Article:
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Saturn
by volume:6999963000000000000♠96.3%±2.4% hydrogen (H 2)6998325000000000000♠3.25%±2.4% helium (He)6997450000000000000♠0.45%±0.2% methane (CH 4)6996125000000000000♠0.0125%±0.0075% ammonia (NH 3)6996109999999999999♠0.0110%±0.0058% hydrogen deuteride (HD)6994700000000000000♠0.0007%±0.00015% ethane (C 2H 6)Ices:ammonia (NH 3) water (H 2O) ammonium hydrosulfide (NH 4SH) Saturn
Saturn
is the sixth planet from the Sun
Sun
and the second-largest in the Solar System, after Jupiter
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Astronomy
Astronomy
Astronomy
(from Greek: ἀστρονομία) is a natural science that studies celestial objects and phenomena. It applies mathematics, physics, and chemistry, in an effort to explain the origin of those objects and phenomena and their evolution. Objects of interest include planets, moons, stars, galaxies, and comets; the phenomena include supernova explosions, gamma ray bursts, and cosmic microwave background radiation. More generally, all phenomena that originate outside Earth's atmosphere
Earth's atmosphere
are within the purview of astronomy. A related but distinct subject, physical cosmology, is concerned with the study of the Universe
Universe
as a whole.[1] Astronomy
Astronomy
is one of the oldest of the natural sciences
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Longitude
Longitude
Longitude
(/ˈlɒndʒɪtjuːd/ or /ˈlɒndʒɪtuːd/, Australian and British also /ˈlɒŋɡɪtjuːd/),[1][2] is a geographic coordinate that specifies the east-west position of a point on the Earth's surface. It is an angular measurement, usually expressed in degrees and denoted by the Greek letter lambda (λ). Meridians (lines running from the North Pole
North Pole
to the South Pole) connect points with the same longitude. By convention, one of these, the Prime Meridian, which passes through the Royal Observatory, Greenwich, England, was allocated the position of zero degrees longitude. The longitude of other places is measured as the angle east or west from the Prime Meridian, ranging from 0° at the Prime Meridian
Prime Meridian
to +180° eastward and −180° westward
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Lunar Eclipse
A lunar eclipse occurs when the Moon
Moon
passes directly behind Earth
Earth
and into its shadow. This can occur only when the Sun, Earth, and the Moon are aligned (in syzygy) exactly or very closely so, with the planet in between. Hence, a lunar eclipse can occur only on the night of a full moon. The type and length of an eclipse depend on the Moon's proximity to either node of its orbit. During a total lunar eclipse, Earth
Earth
completely blocks direct sunlight from reaching the Moon. The only light reflected from the lunar surface has been refracted by Earth's atmosphere. This light appears reddish for the same reason that a sunset or sunrise does: the Rayleigh scattering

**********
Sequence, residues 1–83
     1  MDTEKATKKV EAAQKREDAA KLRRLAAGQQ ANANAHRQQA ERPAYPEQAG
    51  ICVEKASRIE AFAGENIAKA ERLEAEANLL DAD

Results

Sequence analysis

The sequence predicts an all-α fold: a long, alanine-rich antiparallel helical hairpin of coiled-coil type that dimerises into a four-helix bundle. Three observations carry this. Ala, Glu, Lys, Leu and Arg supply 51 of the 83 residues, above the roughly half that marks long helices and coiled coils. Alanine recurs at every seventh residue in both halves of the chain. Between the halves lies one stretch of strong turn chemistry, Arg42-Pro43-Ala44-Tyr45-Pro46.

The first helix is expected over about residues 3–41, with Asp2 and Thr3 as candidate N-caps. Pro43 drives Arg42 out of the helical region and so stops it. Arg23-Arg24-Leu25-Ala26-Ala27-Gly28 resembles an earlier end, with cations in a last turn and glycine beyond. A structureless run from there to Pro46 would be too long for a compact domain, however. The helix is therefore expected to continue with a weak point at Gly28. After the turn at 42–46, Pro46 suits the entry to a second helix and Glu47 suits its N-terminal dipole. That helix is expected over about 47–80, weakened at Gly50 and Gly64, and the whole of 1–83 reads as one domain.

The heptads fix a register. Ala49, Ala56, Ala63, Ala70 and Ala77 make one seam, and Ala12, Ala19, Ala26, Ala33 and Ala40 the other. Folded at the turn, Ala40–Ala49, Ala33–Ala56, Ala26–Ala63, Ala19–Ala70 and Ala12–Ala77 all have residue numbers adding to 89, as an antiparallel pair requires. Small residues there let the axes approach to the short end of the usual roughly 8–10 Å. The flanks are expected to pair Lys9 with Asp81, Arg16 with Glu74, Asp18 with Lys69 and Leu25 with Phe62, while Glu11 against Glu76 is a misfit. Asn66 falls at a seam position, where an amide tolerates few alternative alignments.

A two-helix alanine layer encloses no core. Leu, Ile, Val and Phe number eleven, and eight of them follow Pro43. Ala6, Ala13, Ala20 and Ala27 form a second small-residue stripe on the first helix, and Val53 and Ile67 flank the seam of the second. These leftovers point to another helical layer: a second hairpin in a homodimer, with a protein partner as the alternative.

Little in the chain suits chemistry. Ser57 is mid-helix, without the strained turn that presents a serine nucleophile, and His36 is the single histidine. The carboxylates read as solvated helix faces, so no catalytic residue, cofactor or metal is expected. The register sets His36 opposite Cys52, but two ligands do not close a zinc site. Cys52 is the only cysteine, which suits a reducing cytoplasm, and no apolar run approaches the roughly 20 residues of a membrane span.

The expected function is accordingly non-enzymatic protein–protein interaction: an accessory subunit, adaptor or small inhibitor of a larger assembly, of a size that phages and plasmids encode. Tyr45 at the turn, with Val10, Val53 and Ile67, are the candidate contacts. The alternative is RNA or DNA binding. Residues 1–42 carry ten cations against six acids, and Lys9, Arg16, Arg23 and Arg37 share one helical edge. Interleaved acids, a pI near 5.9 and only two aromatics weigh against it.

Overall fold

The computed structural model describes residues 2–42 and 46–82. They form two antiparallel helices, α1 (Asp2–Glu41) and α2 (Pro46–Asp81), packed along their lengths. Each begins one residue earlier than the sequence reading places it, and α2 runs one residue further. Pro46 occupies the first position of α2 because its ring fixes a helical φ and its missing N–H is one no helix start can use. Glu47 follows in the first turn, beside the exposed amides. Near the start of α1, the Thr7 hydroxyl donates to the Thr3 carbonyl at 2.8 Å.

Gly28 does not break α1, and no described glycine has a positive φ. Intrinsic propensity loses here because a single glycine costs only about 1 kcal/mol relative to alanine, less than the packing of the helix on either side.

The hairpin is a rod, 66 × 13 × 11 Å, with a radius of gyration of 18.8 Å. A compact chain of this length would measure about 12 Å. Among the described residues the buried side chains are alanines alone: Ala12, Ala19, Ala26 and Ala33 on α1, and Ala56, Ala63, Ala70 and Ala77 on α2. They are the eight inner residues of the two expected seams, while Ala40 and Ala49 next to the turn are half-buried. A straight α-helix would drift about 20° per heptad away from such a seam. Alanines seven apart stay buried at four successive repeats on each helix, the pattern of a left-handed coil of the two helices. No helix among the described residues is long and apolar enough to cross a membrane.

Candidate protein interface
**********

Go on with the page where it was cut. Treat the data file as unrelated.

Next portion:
Rayleigh scattering
of bluer light
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Public Domain
The legal term public domain refers to works whose exclusive intellectual property rights have expired,[1] have been forfeited,[2] have been expressly waived, or are inapplicable.[3] For example, the works of Shakespeare
Shakespeare
and Beethoven, and most early silent films are in the public domain either by virtue of their having been created before copyright existed, or by their copyright term having expired.[1] Some works are not covered by copyright, and are therefore in the public domain—among them the formulae of Newtonian physics, cooking recipes,[4] and all computer software created prior to 1974.[5]
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Encyclopædia Britannica Eleventh Edition
The Encyclopædia Britannica
Encyclopædia Britannica
Eleventh Edition (1910–11) is a 29-volume reference work, an edition of the Encyclopædia Britannica. It was developed during the encyclopaedia's transition from a British to an American publication. Some of its articles were written by the best-known scholars of the time. This edition of the encyclopedia, containing 40,000 entries, is now in the public domain; and many of its articles have been used as a basis for articles in.[1] However, the outdated nature of some of its content makes its use as a source for modern scholarship problematic
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John Playfair
Rev Prof John Playfair
John Playfair
FRSE, FRS (10 March 1748 – 20 July 1819) was a Scottish minister, remembered as a scientist and mathematician, and a professor of natural philosophy at the University of Edinburgh. He is best known for his book Illustrations of the Huttonian Theory of the Earth (1802), which summarised the work of James Hutton.[1] It was through this book that Hutton's principle of uniformitarianism, later taken up by Charles Lyell, first reached a wide audience. Playfair's textbook Elements of Geometry made a brief expression of Euclid's parallel postulate known now as Playfair's axiom. In 1783 he was a co-founder of the Royal Society of Edinburgh